It is pleasing that the proposed reforms remove the term ‘Made from local and imported ingredients’. It is less pleasing, however, that ‘Made in Australia’ can still be used, when you consider just how confusing it is to consumers. This was highlighted by a video released by AUSVEG earlier this year, which showed how baffled everyday Australians were by the term.

The abovementioned CHOICE survey from 2014 also reinforced this, with only 12 per cent of respondents able to correctly identify the meaning of ‘Made in Australia’. While we note the Government’s proposal seeks to clarify the meaning of ‘Made in’, we remain of the view it should be scrapped altogether.

There are some sections of the business community who continue to oppose Country of Origin Labelling reform, claiming the cost of changing labels will be too high. This assertion does not stack up, particularly when you consider how readily and easily companies change packaging for promotion and marketing purposes. Such a flimsy excuse should not be allowed to hinder the implementation of more meaningful labelling reform. Indeed, many businesses would do well to heed the wishes of their customers and provide them with the country of origin information that they so clearly desire. That is unless of course they have something to hide.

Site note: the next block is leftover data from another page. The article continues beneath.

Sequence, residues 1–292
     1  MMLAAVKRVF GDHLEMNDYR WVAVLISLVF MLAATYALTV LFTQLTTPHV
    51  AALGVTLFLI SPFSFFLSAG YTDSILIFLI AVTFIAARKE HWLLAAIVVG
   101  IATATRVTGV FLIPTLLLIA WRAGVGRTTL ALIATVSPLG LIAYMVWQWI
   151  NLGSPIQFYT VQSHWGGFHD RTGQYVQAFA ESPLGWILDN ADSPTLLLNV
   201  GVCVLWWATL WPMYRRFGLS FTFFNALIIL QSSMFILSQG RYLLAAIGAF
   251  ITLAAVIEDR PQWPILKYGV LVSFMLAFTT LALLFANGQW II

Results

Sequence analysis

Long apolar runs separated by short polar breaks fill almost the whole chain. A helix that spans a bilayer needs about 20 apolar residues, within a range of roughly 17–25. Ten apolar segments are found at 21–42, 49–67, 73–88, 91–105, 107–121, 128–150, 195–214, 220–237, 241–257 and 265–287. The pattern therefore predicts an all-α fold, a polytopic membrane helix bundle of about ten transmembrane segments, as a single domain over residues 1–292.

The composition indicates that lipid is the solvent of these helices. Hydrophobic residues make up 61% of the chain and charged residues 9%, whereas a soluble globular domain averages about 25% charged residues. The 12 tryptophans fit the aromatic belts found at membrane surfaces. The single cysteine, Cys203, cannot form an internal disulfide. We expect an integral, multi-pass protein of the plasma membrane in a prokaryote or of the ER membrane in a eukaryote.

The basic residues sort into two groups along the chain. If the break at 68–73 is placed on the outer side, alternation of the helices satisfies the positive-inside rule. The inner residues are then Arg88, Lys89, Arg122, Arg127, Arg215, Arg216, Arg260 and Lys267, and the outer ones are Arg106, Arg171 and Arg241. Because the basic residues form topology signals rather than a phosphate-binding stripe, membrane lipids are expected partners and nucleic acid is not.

In finishing, I would reiterate that the Government has taken a step in the right direction regarding food labelling, but the current proposal falls short of giving consumers what they want. With the Government confirming it will review its new system within two years, AUSVEG will continue pushing for the genuine Country of Origin Labelling system that Australians deserve.

Food packaging company scoops top business award

Integrated packaging company tna has won the prestigious EY Entrepreneur of the Year Award for Eastern Australia.